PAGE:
We know now that the main purposes of measure theory is to add structure to a set so that one may start integrating (hopefully). Thus, when Turing imposes a L2 measure he does so so that he can start to convolve functions, working with group actions to define the (derived) functions such as automorphisms. Of course, automorphisms are just conjugations, where the “functional point” that is calculated is the conjugate of the “functional point” that it modifies. Of course, with permutation groups, “functional points” in measures spaces (that add structure to mere “sets” full of mere (non-functional) points) are just permutation cycles – which intuitively are bijections/functions anyways.

One thing that always bugged us – in the sense that it showed our ignorance – was Turing’s choice of the terms he used when introducing the inner product (g, k) . Can we draw parallels between his k and the K of the semi-direct notion described below? Various matters suggest we can.

Can we look at that through the following eyes?

G = N ⋊ K

This is an example of the following general construction

Definition(Semi-direct product).A semi-direct product G = N ⋊ K of two groups N and K is a group such that• As a set G = N × K and any element g ∈ G can uniquely be written as g = nk, with n ∈ N and k ∈ K.

• N is a normal subgroup of G, a condition that is written as N⊳ G

• There is a homomorphism φ : k ∈ K → φ

_{k }∈ Aut(N) such that the group law in N o K is given by (n1k1)(n2k2) = n1 k1 n2 k2 = n1 φ_{k1}(n2) k1 k2If you haven’t seen the definition of a normal subgroup before, it is that N is a normal subgroup of G iff n ∈ N ⇒ gng

^{−1 }∈ N, ∀n ∈ N, g ∈ GIn our semi-direct product case, this is only non-trivial for g ∈ K, so could be rewritten n ∈ N ⇒ knk

^{−1 }∈ N, ∀n ∈ N, k ∈ KOne can show that N⊳ G is equivalent to the existence of a group structure on the set of N cosets in G. Defining [gN] for g ∈ G to be the equivalence class where one identifies all elements of G of the form gn, for n ∈ N, when N⊳ G one gets a well-defined product on these equivalence classes, giving the quotient group G/N. One can always define the set G/N, but only when N⊳ G is this set a group.

Aut(N) is the so-called automorphism group of N, the group of homomorphisms from N to itself. Note that the product group N×K is the special case of N ⋊ K where φ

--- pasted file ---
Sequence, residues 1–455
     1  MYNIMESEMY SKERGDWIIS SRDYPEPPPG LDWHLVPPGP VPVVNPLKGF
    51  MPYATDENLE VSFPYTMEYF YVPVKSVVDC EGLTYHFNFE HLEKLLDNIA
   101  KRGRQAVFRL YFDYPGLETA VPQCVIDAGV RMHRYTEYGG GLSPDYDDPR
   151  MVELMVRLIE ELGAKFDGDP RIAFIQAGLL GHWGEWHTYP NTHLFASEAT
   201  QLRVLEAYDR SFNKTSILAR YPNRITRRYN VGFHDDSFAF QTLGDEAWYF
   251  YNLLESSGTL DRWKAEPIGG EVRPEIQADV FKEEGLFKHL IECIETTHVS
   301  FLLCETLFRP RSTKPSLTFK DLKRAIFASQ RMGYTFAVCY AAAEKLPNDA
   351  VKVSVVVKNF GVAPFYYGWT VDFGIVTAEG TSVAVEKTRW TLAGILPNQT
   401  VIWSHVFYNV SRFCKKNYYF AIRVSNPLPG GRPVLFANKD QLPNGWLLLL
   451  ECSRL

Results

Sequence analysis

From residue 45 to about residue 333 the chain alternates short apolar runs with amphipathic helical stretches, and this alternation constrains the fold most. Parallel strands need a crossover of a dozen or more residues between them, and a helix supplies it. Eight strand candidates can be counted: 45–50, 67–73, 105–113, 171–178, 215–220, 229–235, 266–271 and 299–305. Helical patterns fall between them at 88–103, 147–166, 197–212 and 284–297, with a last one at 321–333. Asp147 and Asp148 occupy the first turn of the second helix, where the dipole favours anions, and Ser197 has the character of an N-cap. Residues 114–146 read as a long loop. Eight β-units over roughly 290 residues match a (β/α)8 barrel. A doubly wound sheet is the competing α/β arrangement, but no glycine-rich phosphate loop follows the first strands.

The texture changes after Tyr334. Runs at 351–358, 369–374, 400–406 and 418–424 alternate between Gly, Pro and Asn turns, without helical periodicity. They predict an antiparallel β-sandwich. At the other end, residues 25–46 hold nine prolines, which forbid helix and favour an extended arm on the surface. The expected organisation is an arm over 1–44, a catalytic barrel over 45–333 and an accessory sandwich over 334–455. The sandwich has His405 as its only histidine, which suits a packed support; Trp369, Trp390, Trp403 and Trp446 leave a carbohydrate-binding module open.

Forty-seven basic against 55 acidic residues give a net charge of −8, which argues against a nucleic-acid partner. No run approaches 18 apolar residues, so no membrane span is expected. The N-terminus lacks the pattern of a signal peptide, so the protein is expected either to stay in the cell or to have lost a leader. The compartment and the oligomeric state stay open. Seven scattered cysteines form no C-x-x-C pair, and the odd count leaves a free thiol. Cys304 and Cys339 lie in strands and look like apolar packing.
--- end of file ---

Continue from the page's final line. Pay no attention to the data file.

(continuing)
_{k }is the identity map on N, for all k ∈ K.Quantum Mechanics for Mathematicians- Semi-direct Products …

particularly when, later, it says

Recall that whenever we have an action of a group

Gon a spaceX, we get an action ofGon functions onMbyg·f(x) =f(g^{−1 }·x)In the case of a semi-direct product,

φgives us an action ofKon the spaceNbyk·n=φ(_{k}n) and so we get an action ofKon the functions onN, and thus onNˆ.Quantum Mechanics for Mathematicians- Semi-direct Products …

In his later arguments, is Turing making a semi-direct product argument? It would make quite some sense, if he is, particularly if the following statements about S are making statements about k controlling which permutation actions are generated.

What we have learned generally is that Turing, in the missing page, introduces a J, a group of 8 terms. It then gets cast as 8 drums, where the various mutual rotations of the drums represent the 8 symbols. This source language can written as a series of enigma drums in a cage, whose (constant) upright can be rotated. Being a language, it can “compiled” to (induced as) a set of operations on cosets, which have group structure too, enabling calculation. The uprights and initial stepping actions of the wheels are a further codification of J, more rigorous than analytic, and ensuring that one has a system of invariants – that must be preserved under unitary transforms. Similarly, one has a geometry that also codfies the invariants and the actions that result. This also induces expressions in the coset group, from which we get to the semi-direct claims.